version that circumvented the new patch within three days. Microsoft
has filed lawsuits against offending websites such as Sky by
Broadband, but it has not released further patches.
DVD Jon has done it again. In October 2006, Jon Johansen announced
that he has reverse-engineered Apple's DRM coding, called FairPlay, to
allow other companies' movies and media to be played on a person's
IPod without being encoded into Apple's proprietary format. He will
sell the workaround to interested media companies.
"DVD Jon FairPlays Apple"
"4. How does Tivo square with DRM?"
Tivo has tried to institute forms of DRM in the past. Beginning last
year, a Macromedia patch was downloaded onto Tivos which caused them
to not be able to keep pay-per-view shows or video-on-demand past a
certain expiration date.
Last year, some users were told that they could not save shows past a
certain expiration date at the request of the copyright holder. Not
too many users were happy with this and it was shrugged off as a bug
involving the Macromedia flag by Tivo.
If any studios or companies wanted to enforce DRM standards with Tivo,
they certainly could now that this flag has been put in place.
Here are some posts on this development:
"TiVo won't save certain shows or allow moving them"
"TiVo 7.2 OS adds content protection, blocks transfers, and
auto-deletes some shows"
"5. Are there any plans for implementing DRM on any of the following
formats: Blu-Ray Discs, Holographic Versatile Discs, Protein-Coated
Discs (PCD), or Flourescent discs. If so, what are the plans?"
Blu-Ray and HD-DVDs will indeed be encrypted. Instead of CSS, they
will be encrypted with AACS, a more secure method which uses a longer
key. It is widely thought in hacking circles that AACS will be broken
just as CSS and other means of copyright-protection have been. In
fact, many believe that copyrights simply cannot be protected in this
way. However, Blu-Ray includes a dynamic encryption system; if the
keys to its encryption are broken, the keys can be changed in
subsequent releases and updated to prevent further copying. This is a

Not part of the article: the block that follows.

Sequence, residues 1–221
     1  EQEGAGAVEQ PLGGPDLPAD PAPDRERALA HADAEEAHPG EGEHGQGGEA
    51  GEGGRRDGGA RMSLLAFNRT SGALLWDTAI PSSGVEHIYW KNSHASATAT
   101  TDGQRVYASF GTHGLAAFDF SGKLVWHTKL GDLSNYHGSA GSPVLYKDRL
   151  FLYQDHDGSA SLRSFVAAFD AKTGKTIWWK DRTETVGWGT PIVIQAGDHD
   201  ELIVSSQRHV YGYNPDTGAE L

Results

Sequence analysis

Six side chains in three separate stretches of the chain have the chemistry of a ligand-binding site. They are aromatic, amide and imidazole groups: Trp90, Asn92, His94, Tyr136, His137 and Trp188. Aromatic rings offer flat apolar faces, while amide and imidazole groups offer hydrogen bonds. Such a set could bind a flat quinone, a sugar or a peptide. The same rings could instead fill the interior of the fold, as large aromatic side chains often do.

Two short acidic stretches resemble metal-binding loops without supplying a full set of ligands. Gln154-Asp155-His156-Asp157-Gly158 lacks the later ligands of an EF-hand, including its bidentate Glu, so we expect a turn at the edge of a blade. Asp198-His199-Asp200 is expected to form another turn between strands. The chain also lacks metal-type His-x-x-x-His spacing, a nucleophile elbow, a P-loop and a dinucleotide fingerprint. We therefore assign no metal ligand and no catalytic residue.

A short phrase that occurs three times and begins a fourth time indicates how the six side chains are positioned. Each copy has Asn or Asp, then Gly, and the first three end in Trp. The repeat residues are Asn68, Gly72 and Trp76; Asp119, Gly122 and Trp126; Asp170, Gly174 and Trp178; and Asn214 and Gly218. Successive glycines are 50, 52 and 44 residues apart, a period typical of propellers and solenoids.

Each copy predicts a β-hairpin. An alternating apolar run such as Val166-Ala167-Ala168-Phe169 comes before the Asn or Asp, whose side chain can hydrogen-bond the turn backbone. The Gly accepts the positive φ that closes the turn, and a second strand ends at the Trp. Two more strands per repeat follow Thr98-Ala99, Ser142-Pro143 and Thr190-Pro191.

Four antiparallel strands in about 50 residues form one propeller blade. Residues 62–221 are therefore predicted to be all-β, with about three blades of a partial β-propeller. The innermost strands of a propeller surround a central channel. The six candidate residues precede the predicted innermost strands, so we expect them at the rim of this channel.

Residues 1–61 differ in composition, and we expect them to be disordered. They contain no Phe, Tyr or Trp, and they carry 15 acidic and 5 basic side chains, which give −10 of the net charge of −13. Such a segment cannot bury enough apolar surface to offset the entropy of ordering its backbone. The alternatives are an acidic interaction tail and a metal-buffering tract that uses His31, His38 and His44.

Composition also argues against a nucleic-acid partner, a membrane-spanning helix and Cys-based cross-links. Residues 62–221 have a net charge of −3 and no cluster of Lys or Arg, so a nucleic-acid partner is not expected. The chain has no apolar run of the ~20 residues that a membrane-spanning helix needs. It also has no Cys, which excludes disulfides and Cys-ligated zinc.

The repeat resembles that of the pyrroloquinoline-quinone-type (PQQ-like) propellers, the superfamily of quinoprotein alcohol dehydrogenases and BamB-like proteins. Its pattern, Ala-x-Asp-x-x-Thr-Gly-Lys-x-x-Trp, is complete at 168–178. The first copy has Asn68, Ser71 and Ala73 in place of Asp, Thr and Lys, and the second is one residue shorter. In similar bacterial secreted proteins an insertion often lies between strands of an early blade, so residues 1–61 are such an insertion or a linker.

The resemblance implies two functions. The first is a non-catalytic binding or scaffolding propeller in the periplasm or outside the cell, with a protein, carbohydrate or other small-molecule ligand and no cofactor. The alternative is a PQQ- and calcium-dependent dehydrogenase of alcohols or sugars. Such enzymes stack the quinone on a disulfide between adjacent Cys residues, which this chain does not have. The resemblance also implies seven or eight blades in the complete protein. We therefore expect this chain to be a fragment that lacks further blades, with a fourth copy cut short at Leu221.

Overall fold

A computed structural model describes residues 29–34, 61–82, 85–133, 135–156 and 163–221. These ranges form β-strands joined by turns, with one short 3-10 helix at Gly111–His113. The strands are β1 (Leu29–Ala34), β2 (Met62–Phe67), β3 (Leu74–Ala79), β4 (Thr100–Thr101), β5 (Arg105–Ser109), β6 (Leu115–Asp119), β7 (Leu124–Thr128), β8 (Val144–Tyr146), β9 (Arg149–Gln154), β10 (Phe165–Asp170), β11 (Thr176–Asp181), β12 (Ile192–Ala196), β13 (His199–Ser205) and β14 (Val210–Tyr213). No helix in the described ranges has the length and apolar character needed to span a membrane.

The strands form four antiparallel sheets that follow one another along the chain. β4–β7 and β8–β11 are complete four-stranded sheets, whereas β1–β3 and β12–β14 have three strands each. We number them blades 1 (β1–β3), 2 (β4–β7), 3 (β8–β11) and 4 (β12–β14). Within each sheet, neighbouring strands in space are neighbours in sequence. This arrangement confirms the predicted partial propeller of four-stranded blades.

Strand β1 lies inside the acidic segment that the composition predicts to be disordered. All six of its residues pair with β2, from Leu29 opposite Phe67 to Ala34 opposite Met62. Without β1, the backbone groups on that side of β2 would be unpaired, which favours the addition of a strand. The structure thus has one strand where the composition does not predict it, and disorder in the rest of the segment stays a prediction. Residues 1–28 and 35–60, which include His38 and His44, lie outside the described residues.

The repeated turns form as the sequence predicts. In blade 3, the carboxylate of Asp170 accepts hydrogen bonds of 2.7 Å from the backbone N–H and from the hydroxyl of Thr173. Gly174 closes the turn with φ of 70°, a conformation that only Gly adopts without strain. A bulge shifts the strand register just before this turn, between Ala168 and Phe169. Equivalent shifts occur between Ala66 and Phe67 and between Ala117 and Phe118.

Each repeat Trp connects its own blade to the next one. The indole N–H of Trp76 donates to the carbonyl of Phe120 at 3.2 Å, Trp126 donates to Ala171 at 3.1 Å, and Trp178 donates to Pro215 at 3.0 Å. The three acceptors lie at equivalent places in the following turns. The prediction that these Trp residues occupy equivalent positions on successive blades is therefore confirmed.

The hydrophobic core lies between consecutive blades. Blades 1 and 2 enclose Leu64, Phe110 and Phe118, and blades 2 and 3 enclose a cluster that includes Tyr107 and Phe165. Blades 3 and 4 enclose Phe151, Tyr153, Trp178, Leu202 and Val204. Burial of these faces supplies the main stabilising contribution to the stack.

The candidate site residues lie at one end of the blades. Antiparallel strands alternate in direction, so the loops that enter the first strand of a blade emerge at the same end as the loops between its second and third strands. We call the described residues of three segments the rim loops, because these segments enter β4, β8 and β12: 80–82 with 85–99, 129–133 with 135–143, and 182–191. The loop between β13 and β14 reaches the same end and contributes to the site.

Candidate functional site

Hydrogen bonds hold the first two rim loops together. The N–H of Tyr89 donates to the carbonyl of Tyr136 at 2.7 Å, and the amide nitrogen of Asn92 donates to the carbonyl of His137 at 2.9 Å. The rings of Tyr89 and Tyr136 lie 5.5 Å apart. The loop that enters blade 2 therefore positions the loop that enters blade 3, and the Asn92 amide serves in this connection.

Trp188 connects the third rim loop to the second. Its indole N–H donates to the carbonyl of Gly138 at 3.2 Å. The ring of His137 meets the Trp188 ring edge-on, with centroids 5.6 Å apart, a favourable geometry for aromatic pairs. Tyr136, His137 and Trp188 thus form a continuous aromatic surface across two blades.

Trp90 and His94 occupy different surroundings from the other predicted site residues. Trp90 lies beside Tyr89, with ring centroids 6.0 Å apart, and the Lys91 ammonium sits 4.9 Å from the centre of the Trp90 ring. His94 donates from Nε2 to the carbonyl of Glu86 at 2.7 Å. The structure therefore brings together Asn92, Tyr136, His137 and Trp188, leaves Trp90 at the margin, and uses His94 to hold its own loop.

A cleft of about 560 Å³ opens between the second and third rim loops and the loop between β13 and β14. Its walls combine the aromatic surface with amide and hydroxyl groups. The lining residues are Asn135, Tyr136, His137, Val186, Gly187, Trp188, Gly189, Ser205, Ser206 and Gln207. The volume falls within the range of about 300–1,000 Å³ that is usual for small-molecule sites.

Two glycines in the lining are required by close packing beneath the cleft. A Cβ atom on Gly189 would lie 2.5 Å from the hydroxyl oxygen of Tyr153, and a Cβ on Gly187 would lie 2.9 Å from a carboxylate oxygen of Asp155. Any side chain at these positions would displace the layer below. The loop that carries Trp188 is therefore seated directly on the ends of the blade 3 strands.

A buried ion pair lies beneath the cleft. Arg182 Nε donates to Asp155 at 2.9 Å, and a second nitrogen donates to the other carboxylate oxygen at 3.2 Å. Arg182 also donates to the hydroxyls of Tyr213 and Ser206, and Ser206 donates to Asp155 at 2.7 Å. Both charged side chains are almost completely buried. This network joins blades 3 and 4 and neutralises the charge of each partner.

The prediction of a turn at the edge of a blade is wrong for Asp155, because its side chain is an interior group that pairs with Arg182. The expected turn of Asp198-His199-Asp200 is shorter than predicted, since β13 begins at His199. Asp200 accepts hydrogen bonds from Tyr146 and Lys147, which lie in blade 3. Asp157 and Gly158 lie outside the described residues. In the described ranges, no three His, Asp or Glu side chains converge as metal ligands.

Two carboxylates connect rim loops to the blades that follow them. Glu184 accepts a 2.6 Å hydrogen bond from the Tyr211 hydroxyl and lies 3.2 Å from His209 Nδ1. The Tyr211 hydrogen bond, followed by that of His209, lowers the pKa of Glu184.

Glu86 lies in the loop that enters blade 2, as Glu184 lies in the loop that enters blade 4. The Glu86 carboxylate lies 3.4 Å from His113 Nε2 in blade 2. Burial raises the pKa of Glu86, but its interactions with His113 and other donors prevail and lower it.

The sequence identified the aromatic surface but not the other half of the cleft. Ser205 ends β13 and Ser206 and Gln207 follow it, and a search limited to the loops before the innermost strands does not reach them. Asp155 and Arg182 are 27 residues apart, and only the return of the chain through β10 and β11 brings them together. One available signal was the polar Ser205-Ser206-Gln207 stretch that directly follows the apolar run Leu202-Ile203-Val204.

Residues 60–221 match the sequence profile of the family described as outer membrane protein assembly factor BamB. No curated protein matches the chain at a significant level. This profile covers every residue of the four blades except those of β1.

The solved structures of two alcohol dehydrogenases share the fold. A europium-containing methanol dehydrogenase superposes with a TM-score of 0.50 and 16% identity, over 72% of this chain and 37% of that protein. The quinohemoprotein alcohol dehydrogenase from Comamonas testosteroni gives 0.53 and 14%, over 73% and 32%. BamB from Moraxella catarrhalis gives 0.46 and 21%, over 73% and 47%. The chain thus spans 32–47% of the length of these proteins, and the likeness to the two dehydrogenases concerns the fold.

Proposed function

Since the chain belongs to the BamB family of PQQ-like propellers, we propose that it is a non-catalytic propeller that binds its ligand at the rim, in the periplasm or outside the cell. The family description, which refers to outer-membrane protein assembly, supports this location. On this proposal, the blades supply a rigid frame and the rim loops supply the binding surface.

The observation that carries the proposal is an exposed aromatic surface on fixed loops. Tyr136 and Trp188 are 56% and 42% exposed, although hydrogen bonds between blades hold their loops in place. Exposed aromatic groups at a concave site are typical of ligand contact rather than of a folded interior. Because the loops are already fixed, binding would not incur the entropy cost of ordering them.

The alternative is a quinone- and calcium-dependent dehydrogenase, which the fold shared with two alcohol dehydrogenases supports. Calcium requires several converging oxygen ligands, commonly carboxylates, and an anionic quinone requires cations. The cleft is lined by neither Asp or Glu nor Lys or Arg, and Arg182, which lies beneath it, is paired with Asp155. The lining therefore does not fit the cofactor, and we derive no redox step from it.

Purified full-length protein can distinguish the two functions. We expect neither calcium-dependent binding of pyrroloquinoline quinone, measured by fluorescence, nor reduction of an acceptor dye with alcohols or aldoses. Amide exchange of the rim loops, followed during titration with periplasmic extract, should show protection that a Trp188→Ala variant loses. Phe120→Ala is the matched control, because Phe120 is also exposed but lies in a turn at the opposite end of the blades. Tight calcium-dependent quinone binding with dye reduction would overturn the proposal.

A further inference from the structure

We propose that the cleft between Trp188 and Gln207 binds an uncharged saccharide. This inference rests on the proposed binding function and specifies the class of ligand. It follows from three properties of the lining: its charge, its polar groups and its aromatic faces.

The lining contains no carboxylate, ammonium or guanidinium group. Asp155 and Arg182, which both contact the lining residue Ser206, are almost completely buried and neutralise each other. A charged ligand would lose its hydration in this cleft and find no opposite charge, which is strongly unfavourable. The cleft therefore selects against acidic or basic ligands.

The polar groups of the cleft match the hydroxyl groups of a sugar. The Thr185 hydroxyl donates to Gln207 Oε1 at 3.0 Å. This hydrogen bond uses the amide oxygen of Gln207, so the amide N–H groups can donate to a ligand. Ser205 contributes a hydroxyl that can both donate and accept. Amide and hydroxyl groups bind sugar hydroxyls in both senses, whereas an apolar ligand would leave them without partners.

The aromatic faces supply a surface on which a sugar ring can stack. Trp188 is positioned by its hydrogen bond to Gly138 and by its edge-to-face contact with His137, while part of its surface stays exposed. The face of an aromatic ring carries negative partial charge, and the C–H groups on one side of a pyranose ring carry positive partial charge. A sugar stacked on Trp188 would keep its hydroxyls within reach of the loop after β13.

big improvement over CSS, which once broken was always broken. It
also includes a Mandatory Managed Copy protection which allows the
disc to be copied a certain number of times, provided that the person
has the correct key that they obtain from the owner of the content
included on it. The methods used are controversial because if a DVD
player has played a cracked DVD, that DVD player can be shut off and
disallowed from use remotely. Blu-Ray also includes a digital
watermark which will identify a copy as being illegally made from a
HD-DVD and Blu-Ray use ICT, Image Constraint Token, which senses an
analog connection and only allows a certain digital output to these
connections. No studios using Blu-Ray have said that they will
actually use this technology, but Warner Bros. has said they will use
it for HD-DVD.
Wikipedia Entry-- AACS
The HVD (holographic versatile disc) has not even been developed yet
as a feasible technology and is still in labs. It would have to be
much closer to being an actual technology before standards are brought
forth for encryption purposes. Protein-coated discs are even further
from a possible commercial release and so nothing has been decided in
that category, either.
Flourescent discs were an idea from a few years ago that never really
got off the ground. The company that owned the technology collapsed
in a scandal after they misreprsented the abilities of the disk in a
presentation at a trade show. They were supposed to hold up to a
terabyte of data. Companies for now prefer Blu-Ray and HD-DVD
technology. Flourescent discs can include time-limiting capabilities
that would act as natural protection, but some people claim that this
very fact would limit the adoption of the technology-- people want to
copy DVDs which they own in their own home and wouldn't like a disk
which naturally would not allow them to do so. The technology is now
being called Digital Multilayer Disc and a new company is trying to
Wikipedia Entry-- Jon Lech Johansen
All Headline News
"Boy Scouts Can Now Earn Anti-Piracy Badges"
"Thoughts on Boy Scout Anti-piracy Merit Badge."
TechWeb-- "Boy Scouts Can Earn Anti-Piracy Badge"
Los Angeles Times
"A Merit Badge That Can't Be Duplicated"
Wikipedia entry-- Windows Media Player
Wikipedia entry-- DeCSS
Wikipedia entry-- DRM
"Next-Gen DVD Encryption: Better, but Won?t Stop Filesharing"
Wikipedia entry-- Holographic Versatile Disc
Wikipedia entry--Protein-coated disc
Geek.com == Flourescent 140GB disks
Wikipedia entry-- Fluorescent Multilayer Disc
Wikipedia entry-- Blu Ray Disc
Wikipedia entry-- HD-DVD
boy scouts anti-piracy
encryption unlocked dvd wikipedia
dvd encryption unlocked
Holographic Versatile Discs
protein coated discs
If you need any additional clarification, let me know and I'll be glad
to assist you.